Other than operations functions, most teams are made up of three main sets of people—owners, coaches and players. We want our favorite team to have the best individuals in all areas because that gives them the best chance of winning a championship. Which of the three roles holds the key to success in a game? The coach, of course. Have you ever seen a team with a weak coach win big time? Probably not. How about examples of great coaches taking over a weak team and turning them into winners? Happens all the time. It is the coaching role that drives a team’s success. The coach is the day-to-day grinder that knows what is supposed to be happening on the field of play and makes sure his players are consistently doing it.
Historically the best teams have an owner that hires the best coaches, helps them get the best players, and supports them. That is what should happen in stores. Hire and develop sales managers that can hire, train, coach and motivate sales associates to win the game on the selling floor. In most stores I have seen, there is a person in place that has the potential to be the sales coach. However, so much emphasis has been placed on the operational side of the business that they don’t have the time to be on the floor. They are too busy taking care of routine customer service issues, creating reports for management or printing sales tags to play a role in what’s happening out on the floor.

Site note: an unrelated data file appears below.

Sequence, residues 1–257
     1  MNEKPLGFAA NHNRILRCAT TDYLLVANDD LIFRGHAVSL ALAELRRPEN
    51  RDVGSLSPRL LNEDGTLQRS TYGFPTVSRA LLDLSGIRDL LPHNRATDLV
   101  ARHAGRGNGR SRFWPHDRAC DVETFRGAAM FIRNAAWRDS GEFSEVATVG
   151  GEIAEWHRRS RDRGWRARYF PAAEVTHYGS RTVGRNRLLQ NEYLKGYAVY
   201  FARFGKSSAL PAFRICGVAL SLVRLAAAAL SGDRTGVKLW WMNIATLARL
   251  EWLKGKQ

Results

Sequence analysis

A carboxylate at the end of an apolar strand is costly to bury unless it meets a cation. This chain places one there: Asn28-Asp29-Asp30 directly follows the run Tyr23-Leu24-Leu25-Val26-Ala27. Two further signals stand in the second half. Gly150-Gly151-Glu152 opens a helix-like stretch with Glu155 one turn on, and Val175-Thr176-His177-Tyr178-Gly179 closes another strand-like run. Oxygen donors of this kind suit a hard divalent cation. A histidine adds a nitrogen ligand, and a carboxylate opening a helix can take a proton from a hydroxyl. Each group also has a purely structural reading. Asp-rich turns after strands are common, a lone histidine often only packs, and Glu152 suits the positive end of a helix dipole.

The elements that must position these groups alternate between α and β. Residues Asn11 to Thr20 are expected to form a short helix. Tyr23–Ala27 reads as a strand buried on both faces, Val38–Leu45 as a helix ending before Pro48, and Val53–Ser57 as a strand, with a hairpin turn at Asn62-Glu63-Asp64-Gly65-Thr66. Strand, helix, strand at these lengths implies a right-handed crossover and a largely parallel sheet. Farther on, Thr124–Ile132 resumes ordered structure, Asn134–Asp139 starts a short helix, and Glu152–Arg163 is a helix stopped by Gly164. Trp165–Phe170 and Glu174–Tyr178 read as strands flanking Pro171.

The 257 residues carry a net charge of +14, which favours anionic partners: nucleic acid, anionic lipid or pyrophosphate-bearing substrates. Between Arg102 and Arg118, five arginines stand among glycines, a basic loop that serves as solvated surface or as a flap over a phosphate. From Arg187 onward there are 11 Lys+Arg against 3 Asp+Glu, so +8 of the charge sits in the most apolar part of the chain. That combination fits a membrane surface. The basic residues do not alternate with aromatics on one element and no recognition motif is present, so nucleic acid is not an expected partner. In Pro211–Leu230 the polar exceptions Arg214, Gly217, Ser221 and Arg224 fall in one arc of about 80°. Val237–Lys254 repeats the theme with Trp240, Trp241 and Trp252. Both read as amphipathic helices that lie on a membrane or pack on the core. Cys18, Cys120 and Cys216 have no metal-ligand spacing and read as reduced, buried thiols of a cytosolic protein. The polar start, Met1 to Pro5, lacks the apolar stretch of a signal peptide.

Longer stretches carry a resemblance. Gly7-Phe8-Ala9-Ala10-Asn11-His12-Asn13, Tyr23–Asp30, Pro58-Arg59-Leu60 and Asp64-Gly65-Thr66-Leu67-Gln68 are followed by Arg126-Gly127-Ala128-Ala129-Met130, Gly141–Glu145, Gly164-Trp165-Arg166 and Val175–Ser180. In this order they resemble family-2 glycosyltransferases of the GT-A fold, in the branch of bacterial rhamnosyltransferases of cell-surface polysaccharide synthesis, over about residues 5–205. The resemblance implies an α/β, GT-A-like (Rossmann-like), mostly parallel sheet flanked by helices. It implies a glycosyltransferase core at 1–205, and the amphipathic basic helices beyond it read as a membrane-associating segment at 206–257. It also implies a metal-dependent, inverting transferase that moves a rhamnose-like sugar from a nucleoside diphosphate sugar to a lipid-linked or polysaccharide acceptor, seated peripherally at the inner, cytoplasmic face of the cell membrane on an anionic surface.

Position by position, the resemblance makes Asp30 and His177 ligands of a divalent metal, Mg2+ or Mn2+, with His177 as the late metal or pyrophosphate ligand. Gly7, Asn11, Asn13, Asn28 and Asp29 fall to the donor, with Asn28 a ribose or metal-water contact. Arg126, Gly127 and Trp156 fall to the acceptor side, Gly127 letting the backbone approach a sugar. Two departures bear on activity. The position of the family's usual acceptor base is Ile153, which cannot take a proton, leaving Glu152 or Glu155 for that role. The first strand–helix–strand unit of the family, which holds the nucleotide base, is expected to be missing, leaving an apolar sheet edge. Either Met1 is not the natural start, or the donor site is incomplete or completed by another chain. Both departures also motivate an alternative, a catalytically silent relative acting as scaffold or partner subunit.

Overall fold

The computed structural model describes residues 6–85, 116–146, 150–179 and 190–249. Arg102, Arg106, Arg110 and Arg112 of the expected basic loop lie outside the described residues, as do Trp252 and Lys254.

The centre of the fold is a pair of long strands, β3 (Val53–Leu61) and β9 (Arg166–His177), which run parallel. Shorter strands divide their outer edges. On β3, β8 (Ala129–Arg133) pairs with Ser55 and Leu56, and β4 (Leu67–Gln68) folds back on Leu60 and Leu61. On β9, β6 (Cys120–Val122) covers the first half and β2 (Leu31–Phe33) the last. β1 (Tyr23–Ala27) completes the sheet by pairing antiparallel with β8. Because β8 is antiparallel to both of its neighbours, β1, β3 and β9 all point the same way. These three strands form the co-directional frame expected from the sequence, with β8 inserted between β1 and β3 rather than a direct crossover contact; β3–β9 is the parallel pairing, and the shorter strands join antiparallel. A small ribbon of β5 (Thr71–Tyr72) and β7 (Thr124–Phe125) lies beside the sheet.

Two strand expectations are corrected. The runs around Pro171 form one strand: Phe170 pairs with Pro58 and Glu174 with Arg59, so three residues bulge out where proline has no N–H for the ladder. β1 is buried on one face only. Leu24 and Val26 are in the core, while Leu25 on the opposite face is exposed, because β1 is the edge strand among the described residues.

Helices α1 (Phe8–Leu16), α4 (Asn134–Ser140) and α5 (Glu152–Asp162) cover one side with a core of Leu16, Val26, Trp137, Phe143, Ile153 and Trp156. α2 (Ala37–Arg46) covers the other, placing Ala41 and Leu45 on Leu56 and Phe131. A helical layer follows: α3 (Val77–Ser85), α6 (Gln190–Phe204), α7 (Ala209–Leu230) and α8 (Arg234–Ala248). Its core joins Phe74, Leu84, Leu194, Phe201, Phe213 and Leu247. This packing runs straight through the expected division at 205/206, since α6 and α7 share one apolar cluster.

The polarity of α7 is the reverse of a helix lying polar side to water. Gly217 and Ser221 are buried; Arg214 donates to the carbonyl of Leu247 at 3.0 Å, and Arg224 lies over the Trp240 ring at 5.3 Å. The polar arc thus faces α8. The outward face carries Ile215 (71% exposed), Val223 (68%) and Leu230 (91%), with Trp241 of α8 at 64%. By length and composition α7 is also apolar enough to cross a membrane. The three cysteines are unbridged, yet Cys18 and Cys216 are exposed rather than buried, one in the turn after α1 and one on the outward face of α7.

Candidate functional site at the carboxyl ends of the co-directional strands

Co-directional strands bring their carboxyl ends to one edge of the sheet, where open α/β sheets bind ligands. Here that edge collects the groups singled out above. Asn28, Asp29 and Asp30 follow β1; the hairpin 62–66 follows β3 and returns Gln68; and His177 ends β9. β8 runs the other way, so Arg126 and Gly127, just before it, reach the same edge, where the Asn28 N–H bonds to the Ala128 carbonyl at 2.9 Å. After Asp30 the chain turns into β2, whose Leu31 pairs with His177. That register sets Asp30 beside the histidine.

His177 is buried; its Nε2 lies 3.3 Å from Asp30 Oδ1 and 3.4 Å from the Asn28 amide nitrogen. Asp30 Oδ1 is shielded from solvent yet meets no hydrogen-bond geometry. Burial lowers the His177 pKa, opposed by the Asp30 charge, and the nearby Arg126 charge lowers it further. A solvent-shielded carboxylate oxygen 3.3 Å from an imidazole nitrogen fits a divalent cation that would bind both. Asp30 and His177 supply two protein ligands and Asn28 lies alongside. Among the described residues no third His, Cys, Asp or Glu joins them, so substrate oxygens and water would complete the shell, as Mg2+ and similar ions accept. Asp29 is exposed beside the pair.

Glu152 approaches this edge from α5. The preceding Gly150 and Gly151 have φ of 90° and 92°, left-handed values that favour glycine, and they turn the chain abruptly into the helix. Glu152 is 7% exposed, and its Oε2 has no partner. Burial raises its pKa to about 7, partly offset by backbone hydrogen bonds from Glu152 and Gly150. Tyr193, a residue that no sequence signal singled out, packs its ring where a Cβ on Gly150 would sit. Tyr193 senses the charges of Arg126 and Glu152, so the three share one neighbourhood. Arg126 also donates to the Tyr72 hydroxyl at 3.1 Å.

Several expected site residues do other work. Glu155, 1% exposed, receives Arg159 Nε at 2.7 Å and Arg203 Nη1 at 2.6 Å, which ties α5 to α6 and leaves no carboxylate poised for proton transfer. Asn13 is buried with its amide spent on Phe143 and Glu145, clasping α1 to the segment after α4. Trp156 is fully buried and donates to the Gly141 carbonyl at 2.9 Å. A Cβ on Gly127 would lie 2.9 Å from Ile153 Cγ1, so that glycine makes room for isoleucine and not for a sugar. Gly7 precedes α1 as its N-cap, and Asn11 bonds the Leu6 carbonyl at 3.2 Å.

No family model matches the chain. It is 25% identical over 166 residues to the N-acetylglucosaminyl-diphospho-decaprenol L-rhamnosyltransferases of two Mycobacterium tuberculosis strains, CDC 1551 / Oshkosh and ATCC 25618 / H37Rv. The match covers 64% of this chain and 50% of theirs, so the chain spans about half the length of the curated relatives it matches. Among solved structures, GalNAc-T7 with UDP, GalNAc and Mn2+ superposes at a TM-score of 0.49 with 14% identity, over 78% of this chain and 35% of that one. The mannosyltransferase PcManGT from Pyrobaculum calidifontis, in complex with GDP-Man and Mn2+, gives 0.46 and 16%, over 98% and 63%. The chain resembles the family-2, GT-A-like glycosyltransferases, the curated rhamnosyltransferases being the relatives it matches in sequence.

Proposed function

Much of what these sales managers are doing is necessary and should be part of their role, however, it’s imperative to ensure those tasks don’t overwhelm them and keep them from doing their most important function—making sales happen. Again, a sales coach should be spending about 80 percent of their time on the floor working with team members and driving sales, and 20 percent supporting the process.
Yet another sports movie analogy—show me the money!
Here’s a bit of proof from a store that reinvigorated its sales management effort in early 2011 as the industry was rebounding from the recession. The manager had assumed other responsibilities and was no longer devoting much time to coaching the sales team. The retailer installed an upgraded sales tracking system, retrained the sales manager and team, and continued to focus on coaching to improve the staff and their performance.
Note: The black line reflects the number of ups per month and the solid green line indicates the revenue per up each month. The dash green line is a trend line based on a two-month running average.
What did it mean for this business? In the three-year effort the retailer was able to take its revenue per up from the lower $400s to more than $550. It continued to drive improvement through 2014, ending up that year at almost $600. As a result, the retailer did $1.15 million more volume on about the same traffic last year than they did before restarting the sales coaching process. That’s an enviable 27 percent increase over the last few years.
The bottom line is that everyone wants to be on a winning team and they can’t do that without coaching. Make sure you have a sales coach and not a sales Waterboy.
Editor’s Note: Tom Zollar is retail operations practice manager for Impact Consulting where he creates and delivers sales training for retailer sales associates and managers, facilitates retail performance groups, coaches managers and helps retailers grow their business. In other words, he’s our resident coach … without the whistle.